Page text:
Why don’t music files show up in my Recent Items list?


If you double-click a music file, it doesn’t show up in your Recent Items list. What’s so special about music files?

The technical reason is that the file types are registered with the FTA_No­Recent­Docs flag, which means that they don’t show up in the Recent Items list (formerly known as Recent Documents), and they don’t show up in the Recent or Frequent section of Windows Media Player’s Jump List.

Okay, fine, but that’s like answering “Why is there a door here?” with “Because the blueprints said that there should be a door there.” You really want to know why the architect decided to put a door there.

The reason why music files are not placed in the Recent Items list is that individual songs are not that interesting there. If you spend an hour listening to music, that will fill up your Recent Items list and push out everything else. The list ends up simply telling you about the thing you just finished doing. Not all that useful.

Therefore, Windows Media Player excludes individual music files from the Recent Items list. Instead, it puts artists and albums in the Jump List, higher-level information that they figure is more interesting than just a list of the songs you just heard.

Comments (19)
  1. Anonymous Coward says:

    In case readers are wondering, these flags are set in the EditFlags field in the registry. Refer to this page for more detail: msdn.microsoft.com/…/bb762506.aspx

  2. kinokijuf says:

    Is there a way to always open the home oldnewthing page in excerpt mode? It does not seem to remember my preferences.

  3. You can change it so they start appearing in the Recent Items list. Using NirSoft's FileTypesMan, you can allow or prevent any file type/extension from appearing in Recent Items list. In FileTypeMan's "Edit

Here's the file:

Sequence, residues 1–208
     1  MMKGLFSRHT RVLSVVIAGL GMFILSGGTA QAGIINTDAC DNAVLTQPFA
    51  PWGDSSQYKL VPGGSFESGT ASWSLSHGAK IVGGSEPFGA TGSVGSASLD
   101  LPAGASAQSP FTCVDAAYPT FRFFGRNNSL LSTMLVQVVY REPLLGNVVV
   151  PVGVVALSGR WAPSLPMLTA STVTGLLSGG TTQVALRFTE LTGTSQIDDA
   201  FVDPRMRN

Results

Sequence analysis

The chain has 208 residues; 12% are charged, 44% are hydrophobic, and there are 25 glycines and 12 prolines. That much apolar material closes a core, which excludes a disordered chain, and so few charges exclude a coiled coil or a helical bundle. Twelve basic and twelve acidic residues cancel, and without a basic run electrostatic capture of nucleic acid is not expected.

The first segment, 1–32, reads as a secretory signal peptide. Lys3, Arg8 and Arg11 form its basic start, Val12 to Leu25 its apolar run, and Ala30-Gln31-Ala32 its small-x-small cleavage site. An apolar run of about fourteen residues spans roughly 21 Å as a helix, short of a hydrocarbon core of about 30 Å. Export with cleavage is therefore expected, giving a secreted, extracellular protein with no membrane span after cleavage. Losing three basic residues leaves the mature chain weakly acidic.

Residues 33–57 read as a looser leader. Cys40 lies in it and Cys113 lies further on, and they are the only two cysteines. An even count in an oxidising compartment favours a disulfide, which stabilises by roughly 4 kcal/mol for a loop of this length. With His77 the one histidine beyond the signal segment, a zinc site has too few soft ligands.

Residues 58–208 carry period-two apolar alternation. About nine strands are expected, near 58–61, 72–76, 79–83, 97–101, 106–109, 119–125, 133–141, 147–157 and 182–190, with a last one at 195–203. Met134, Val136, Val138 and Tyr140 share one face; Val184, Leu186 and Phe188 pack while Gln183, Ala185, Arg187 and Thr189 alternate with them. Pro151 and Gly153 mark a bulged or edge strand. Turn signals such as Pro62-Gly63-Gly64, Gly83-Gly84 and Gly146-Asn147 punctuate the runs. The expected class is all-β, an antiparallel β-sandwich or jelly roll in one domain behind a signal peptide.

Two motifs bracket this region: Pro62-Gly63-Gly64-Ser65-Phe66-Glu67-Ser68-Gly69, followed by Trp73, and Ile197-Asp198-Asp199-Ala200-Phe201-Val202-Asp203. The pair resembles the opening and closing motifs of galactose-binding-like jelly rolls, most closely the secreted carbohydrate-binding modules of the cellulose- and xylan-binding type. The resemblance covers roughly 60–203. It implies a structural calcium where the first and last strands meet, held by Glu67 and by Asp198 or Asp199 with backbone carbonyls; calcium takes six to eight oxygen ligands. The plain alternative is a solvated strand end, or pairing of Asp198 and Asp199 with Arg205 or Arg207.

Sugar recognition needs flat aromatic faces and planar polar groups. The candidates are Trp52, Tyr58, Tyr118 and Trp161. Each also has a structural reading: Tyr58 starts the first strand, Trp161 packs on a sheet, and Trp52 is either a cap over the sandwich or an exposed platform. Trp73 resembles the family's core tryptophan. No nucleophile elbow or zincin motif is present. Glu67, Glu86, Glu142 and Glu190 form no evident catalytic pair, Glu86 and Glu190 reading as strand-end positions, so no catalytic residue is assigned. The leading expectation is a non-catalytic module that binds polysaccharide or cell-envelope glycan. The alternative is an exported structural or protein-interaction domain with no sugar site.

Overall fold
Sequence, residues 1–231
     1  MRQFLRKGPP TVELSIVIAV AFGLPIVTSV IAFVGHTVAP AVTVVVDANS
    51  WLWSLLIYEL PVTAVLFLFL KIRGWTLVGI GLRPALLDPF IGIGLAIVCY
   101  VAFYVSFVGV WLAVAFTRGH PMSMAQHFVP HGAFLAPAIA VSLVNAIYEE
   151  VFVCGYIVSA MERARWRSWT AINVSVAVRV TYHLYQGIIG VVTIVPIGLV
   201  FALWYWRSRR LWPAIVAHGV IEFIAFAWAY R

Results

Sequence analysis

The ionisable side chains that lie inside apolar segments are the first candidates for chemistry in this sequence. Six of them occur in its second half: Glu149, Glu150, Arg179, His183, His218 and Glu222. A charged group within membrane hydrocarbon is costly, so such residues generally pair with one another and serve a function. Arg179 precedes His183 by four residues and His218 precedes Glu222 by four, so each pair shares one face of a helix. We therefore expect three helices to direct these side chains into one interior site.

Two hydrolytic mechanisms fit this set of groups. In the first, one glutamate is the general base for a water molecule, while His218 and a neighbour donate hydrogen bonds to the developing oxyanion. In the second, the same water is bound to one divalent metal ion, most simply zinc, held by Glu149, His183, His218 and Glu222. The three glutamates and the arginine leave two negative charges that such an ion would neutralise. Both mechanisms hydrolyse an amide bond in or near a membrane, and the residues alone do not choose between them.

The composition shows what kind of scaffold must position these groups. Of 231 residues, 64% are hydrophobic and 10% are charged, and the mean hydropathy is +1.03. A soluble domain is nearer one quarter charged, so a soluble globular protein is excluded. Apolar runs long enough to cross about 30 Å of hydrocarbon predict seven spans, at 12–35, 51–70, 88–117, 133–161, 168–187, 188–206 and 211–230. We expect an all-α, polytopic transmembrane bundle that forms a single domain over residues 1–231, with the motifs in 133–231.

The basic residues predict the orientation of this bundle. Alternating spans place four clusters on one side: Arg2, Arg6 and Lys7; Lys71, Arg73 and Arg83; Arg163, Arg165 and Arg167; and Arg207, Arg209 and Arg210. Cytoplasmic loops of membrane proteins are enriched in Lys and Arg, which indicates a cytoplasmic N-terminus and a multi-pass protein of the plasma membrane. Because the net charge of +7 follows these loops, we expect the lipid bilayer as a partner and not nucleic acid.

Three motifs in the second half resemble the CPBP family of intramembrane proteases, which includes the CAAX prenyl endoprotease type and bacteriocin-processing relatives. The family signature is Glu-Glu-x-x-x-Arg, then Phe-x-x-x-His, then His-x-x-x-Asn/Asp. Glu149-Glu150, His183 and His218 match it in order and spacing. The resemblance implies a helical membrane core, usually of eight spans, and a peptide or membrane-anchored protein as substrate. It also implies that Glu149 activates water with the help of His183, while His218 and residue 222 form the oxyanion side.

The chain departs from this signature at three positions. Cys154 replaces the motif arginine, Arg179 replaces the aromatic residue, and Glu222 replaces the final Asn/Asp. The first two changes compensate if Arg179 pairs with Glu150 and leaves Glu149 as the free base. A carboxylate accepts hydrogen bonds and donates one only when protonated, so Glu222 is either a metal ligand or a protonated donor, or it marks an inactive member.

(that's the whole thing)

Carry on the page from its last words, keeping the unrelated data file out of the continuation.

File Type" dialog, check the option called "Don't add this file type to Recent Documents".

    What I would like to know if there or isn't there a way in Windows 7 to add a file to the Recent jump list when launched by my own app launcher?

  4. chentiangemalc says:

    thanks Raymond for info behind design decision

    @xpclient you can get doco on how to jump list here msdn.microsoft.com/…/gg281362.aspx

    For .NET example channel9.msdn.com/…/Windows-7-Jump-Lists

  5. @chentiangemalc: I don't think that answers xpclient's question, which is how to launch (presumably via ShellExecuteEx) a file, in another application, and have the file added to that application's automatic jump-list.

    I've run into this problem myself. There does not seem to be any documented way to do this. You can add files to the auto-jump-list if you know the app's AppUserModelID, but MSDN explicitly states that there is no way to get the AppUserModelID for an app, in general (i.e. when it is auto-generated). Besides which, I don't think there is a reliable way to find out which app ShellExecuteEx actually launched int he first place.

    As is often the case, it seems the API was written and documented to the bare minimum needed for Windows Explorer to function, with no thought for alternative tools needing to do the same thing. :(

    [Or it was designed on the principle that application X shouldn't be screwing with the jump list of application Y. (The authors of application Y might view application X as malware, since it's trying to manipulate Y's jump list without permission.) -Raymond]
  6. "Or it was designed on the principle that application X shouldn't be screwing with the jump list of application Y."

    i.e. The assumption that Windows Explorer is the one and only application launcher, and that anything else that might want to do anything similar is up to no good and must be prevented, rather than trying to do something useful. :(

    It could be a flag on ShellExecuteEx, for example.

    [If you want to write your own launcher with its own jump-listy thing based on what the user launched from your launcher, then knock yourself out. -Raymond]
  7. Yes, mother (um,…Microsoft) knows best. If the people wonder why the files are not there (I've been wondering all the time) that's because they wont them in the list. If I double click at a file to play it, the file is interesting, not an album. If I double click on a playlist, the playlist is interesting. What *I* open I think is interesting, not what Microsoft assumes. Too much thinking behind our backs.

  8. jon says:

    @LeoDavidson: Why would Microsoft bother investing resources in making things easier for third-party software? That's not what they're about.

  9. chentiangemalc says: